Jazz Greats: Mulligan Meets Monk Remastered and Expanded: West Coast Sax with Bop Piano

Back in 1957 at the date of this recording, it seemed like an odd combination for Gerry Mulligan, a baritone saxophonist from the West Coast Jazz movement to be paired up with Thelonius Monk, whose name was synonymous with bop. They became friends and admirers of each other’s music as they both worked in New York during the late ’40s and early ’50s.

When producer Orrin Keepnews became aware of their friendship, he decided to get them to record together. Bassist Wilbur Ware and drummer Shadow Wilson, who were performing at the Five Spot with Monk, accompanied them. The album is comprised mostly of Monk tunes with Mulligan’s “Decidedly” and the standard “Sweet and Lovely” rounding out the album.

Mulligan’s baritone captures the right tone and mood of “‘Round Midnight.” It was on his insistence that he had an opportunity to play this song with Monk whose wonderful, unique style is evident throughout the song and the album. Sometimes Monk plays the piano in a very fluid, lyrical manner while at other times his fingers forcefully strike the keys, altering their sound.

You always have to pay attention to Monk because you never know what he’s going to do next. I found myself at a lost to pick his best work on the album because my opinion changed to whatever was the last track I had heard.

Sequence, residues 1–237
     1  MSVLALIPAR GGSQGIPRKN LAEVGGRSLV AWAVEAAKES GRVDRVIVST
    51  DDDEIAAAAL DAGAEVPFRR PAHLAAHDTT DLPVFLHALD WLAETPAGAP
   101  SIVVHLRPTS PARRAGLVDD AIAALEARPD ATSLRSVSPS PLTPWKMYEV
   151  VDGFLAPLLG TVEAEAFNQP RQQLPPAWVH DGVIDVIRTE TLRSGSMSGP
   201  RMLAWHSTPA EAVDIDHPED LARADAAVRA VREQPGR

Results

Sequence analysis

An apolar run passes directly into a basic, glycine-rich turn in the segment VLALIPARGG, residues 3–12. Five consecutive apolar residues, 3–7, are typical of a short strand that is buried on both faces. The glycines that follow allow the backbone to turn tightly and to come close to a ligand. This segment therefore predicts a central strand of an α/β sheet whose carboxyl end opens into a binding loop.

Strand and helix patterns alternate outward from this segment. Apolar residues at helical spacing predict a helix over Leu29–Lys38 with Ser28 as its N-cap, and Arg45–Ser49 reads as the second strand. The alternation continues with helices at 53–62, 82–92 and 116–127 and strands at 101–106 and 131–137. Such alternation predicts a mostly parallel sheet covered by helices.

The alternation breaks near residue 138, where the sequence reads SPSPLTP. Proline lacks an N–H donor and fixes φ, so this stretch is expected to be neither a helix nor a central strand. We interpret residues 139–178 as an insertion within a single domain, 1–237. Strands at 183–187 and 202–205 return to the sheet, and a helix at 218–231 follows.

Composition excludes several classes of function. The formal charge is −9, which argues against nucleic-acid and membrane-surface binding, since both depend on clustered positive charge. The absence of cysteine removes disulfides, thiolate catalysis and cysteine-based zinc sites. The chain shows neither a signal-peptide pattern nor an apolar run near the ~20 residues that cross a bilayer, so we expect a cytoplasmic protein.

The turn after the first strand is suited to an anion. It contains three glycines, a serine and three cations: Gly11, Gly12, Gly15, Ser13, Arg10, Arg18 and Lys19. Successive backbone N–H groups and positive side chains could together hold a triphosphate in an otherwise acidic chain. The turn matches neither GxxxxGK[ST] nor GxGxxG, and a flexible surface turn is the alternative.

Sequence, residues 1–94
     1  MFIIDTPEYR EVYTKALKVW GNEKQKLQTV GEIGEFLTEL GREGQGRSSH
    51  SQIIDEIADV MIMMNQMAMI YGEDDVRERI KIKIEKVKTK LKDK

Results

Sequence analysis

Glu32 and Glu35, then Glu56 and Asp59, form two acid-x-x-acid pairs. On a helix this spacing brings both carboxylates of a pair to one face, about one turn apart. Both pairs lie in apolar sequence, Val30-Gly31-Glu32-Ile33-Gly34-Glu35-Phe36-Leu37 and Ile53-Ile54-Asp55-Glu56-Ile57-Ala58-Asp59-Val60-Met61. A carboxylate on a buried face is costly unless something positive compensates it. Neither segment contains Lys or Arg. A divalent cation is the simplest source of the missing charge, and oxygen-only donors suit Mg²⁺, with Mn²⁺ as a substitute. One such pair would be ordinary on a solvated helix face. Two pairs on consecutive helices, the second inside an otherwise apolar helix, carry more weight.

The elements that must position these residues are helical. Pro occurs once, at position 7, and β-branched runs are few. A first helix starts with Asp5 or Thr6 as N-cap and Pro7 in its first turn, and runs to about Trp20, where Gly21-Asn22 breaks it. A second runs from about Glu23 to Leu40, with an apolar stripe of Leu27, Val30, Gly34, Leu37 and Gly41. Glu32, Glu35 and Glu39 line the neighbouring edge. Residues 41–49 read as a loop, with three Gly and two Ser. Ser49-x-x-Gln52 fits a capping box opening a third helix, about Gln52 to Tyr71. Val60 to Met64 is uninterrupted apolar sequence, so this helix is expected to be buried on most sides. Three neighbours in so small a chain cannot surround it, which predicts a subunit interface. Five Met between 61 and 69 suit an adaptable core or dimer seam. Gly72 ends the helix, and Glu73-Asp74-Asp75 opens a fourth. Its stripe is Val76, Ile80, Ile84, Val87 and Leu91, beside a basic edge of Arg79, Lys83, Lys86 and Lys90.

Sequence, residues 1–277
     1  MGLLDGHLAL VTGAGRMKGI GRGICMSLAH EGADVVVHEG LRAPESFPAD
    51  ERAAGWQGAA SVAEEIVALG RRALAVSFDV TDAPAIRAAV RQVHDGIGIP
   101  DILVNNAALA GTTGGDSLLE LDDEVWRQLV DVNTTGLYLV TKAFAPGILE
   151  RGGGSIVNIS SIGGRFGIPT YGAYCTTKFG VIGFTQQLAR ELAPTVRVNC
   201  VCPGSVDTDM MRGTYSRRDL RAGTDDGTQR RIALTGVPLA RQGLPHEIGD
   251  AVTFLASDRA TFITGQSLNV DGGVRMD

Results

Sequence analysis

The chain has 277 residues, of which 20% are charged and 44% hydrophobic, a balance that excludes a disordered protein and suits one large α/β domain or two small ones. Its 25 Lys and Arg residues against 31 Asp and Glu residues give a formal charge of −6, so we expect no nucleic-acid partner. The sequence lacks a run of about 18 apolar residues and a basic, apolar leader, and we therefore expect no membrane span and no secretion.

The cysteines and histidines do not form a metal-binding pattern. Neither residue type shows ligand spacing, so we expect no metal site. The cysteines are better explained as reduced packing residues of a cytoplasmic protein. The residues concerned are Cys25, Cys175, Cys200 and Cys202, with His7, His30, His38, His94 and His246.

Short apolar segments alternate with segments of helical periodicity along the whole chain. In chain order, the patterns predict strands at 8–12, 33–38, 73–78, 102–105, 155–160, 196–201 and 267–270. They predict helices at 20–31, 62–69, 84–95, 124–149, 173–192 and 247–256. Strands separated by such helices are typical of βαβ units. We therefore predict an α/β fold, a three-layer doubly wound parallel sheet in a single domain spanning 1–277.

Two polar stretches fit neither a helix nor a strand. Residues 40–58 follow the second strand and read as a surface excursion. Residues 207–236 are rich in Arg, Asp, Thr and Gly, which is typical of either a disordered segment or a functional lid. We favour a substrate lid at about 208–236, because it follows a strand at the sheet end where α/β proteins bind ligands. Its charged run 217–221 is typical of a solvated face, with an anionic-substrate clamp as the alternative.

“Decidedly” is very interesting in the way the men take turns on the track, switching members as they play parts as a trio, giving way to solos and playing as a group. Take 4 was so good it’s hard to believe they thought they needed another take, but lucky for us they did. While the structure is similar, Take 5 is different. It’s 30 seconds longer and their individual pieces have changed, as if the men feel freer to explore, knowing that they already have a solid take in the can.

“Straight, No Chaser (take 3)” is 90 seconds longer than the first take and contains Mulligan’s best work on the album. He lets loose a number of notes that meld well together. The bass and drums get some time to shine with their solos. Take 1 has a great bass solo by Ware.

When the album was originally planned, it was to include some tracks recorded with a large all-star group and formal arrangements, but after the first session that included “I Mean You,” “Rhythm-a-ning” and “Straight, No Chaser,” Mulligan and Monk felt that their quartet was the right way to go. After hearing this album, you’ll agree with them.

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